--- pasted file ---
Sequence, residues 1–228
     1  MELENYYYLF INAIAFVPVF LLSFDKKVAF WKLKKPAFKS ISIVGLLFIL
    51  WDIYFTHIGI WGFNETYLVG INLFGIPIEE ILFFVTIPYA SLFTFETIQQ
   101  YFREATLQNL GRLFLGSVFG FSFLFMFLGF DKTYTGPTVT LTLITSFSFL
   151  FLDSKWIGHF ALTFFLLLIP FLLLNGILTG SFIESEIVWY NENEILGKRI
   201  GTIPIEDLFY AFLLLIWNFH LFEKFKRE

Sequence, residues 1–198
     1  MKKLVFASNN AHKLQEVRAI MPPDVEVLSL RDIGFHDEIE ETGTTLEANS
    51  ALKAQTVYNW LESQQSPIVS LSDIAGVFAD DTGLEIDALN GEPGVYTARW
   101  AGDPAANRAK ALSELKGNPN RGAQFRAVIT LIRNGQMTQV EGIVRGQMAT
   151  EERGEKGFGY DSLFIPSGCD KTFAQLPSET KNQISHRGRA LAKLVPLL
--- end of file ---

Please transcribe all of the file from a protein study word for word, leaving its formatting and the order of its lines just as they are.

Sequence, residues 1–228
     1  MELENYYYLF INAIAFVPVF LLSFDKKVAF WKLKKPAFKS ISIVGLLFIL
    51  WDIYFTHIGI WGFNETYLVG INLFGIPIEE ILFFVTIPYA SLFTFETIQQ
   101  YFREATLQNL GRLFLGSVFG FSFLFMFLGF DKTYTGPTVT LTLITSFSFL
   151  FLDSKWIGHF ALTFFLLLIP FLLLNGILTG SFIESEIVWY NENEILGKRI
   201  GTIPIEDLFY AFLLLIWNFH LFEKFKRE

Sequence, residues 1–198
     1  MKKLVFASNN AHKLQEVRAI MPPDVEVLSL RDIGFHDEIE ETGTTLEANS
    51  ALKAQTVYNW LESQQSPIVS LSDIAGVFAD DTGLEIDALN GEPGVYTARW
   101  AGDPAANRAK ALSELKGNPN RGAQFRAVIT LIRNGQMTQV EGIVRGQMAT
   151  EERGEKGFGY DSLFIPSGCD KTFAQLPSET KNQISHRGRA LAKLVPLL